governs all the facts of life, and its marks are found in all the principal rites. That food only may be eaten which is allotted, or free, to each particular division of the tribe. The Wakelbura of North Central Queensland are divided into two phratries, the Mallera and the Wutaru. A Mallera wizard can only make use for his art of objects which are reckoned Mallera. When a Mallera dies, the scaffold on which his body is exposed (a practice of the tribe in lieu of burial), and the branches which cover him, must be of some wood belonging to his phratry.
The simplest form of classification takes account only of the phratries. A more complete and characteristic system takes account also of the clans or totems. If totemism is on one side the grouping of men into clans according to natural objects, it is also inversely a grouping of natural objects according to the social groups. As Mr. Fison says, the South Australian savage considers the universe as a great tribe, to one of the divisions of which he belongs ; and all things animate or inanimate which are of his group are parts of the body corporate of which he him- self is part. They are absolutely parts of himself. But while this classification into phratries and clans is an advance on the previous one, it is still imperfect and bears witness to the state of initial confusion whence the human mind set out. The distinct groups are multiplied. The objects attributed to each phratry or each clan are clearly distinguished ; but inside the clan they are to a large extent indifferentiated. They are all of the same nature, and there are no strict lines of demarcation such as exist between ultimate varieties in our classification. The individual human members of the clan, the members of the totemic species, and those of the various species attached in the native view to the clan, are all only different aspects of one and the same reality. By applying the social divisions to the primitive mass of repre- sentations a certain number of pigeon-holes for these representa- tions have been made; but the contents of the pigeon-holes remain in a relatively amorphous state, witnessing to the slowness and difficulty with which the classificatory function is developed.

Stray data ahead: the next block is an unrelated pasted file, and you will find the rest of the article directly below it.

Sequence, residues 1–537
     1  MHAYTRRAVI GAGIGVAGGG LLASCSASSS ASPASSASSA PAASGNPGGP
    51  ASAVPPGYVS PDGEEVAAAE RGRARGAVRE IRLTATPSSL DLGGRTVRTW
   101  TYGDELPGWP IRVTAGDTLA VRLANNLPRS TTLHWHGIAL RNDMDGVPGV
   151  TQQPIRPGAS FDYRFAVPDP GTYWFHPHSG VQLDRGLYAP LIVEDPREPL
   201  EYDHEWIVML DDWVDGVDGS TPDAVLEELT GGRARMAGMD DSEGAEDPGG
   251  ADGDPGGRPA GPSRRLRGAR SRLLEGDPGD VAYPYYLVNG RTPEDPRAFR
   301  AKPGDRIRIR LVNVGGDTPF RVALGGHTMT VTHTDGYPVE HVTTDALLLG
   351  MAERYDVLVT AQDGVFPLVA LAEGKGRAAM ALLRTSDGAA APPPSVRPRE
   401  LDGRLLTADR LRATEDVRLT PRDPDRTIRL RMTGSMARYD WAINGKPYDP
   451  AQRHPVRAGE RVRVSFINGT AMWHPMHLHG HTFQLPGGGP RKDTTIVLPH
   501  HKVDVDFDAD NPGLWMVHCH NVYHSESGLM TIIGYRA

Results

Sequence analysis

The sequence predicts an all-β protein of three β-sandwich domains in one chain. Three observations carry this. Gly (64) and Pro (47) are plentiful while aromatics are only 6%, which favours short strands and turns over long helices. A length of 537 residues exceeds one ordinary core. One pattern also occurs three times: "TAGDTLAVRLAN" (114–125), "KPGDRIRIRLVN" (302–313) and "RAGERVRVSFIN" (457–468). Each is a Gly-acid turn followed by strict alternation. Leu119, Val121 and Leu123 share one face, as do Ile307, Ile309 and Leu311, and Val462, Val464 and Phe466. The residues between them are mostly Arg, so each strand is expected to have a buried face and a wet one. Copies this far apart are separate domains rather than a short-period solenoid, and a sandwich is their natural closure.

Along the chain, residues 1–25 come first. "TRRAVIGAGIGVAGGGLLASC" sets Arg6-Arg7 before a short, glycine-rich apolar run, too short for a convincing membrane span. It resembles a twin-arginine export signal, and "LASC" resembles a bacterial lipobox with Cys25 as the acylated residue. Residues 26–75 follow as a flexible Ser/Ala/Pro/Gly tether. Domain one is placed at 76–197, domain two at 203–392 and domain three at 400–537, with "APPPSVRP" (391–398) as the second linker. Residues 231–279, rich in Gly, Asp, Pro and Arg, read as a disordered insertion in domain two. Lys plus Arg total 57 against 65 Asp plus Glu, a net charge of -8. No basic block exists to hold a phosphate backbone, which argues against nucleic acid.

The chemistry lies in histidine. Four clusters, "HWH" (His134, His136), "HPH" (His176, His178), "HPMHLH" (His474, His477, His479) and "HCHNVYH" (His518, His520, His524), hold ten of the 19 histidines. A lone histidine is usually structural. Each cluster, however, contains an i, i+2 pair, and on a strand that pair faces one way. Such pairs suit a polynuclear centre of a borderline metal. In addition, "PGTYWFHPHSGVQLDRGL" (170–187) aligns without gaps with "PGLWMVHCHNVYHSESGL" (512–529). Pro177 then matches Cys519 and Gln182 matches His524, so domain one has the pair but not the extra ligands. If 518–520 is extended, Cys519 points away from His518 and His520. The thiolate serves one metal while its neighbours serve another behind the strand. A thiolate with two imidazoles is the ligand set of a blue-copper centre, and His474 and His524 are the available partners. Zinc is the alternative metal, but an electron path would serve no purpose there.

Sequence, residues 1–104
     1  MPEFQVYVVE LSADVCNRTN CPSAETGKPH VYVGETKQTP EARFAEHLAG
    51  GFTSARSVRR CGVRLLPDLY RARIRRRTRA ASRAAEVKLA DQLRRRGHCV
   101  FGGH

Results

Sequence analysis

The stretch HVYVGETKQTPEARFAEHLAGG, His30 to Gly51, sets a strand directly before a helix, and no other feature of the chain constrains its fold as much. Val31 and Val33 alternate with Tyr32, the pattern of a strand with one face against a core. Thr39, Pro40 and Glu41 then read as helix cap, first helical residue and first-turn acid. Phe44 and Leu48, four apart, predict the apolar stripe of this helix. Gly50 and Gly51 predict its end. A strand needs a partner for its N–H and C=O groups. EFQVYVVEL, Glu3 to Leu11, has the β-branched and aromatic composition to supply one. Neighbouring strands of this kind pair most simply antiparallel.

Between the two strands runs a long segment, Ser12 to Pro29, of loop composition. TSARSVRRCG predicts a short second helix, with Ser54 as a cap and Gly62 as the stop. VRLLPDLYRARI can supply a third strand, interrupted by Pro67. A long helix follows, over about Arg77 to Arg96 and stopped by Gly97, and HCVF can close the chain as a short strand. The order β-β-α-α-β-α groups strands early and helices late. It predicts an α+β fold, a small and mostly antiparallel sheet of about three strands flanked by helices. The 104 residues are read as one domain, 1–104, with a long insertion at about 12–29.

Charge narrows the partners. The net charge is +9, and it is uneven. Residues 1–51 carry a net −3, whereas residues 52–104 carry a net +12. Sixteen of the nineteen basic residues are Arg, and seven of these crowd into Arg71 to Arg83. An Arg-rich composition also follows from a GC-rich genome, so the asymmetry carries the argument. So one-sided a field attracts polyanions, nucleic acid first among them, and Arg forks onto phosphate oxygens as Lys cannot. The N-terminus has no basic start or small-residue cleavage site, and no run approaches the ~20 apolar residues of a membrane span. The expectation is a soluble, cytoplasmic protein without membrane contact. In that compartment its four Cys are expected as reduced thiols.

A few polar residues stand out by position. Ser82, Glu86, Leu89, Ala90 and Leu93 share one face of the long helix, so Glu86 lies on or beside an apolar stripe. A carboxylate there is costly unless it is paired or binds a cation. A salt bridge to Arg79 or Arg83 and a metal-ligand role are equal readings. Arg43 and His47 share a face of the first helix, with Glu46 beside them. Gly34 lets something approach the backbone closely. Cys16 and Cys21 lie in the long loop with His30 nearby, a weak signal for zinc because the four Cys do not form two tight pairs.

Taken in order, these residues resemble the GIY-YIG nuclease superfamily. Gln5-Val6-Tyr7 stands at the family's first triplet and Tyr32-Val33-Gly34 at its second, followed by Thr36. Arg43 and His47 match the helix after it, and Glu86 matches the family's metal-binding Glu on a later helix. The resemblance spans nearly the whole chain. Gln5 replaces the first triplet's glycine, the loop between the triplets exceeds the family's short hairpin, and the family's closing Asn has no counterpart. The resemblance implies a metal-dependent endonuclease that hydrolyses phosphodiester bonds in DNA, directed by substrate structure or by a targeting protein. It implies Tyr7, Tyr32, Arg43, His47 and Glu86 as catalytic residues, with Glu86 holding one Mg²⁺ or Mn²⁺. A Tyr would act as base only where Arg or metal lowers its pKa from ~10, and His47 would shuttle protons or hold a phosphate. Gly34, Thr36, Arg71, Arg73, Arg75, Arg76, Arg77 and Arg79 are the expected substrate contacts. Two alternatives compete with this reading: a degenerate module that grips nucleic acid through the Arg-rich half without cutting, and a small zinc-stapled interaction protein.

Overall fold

The conclusions drawn after a searching examination of Australian ideas are that if this manner of classifying objects is not necessarily implied in totemism, it is at any rate certain that it is frequently met with in societies organised on a totemic basis ; and that there is, therefore, a close bond and not an accidental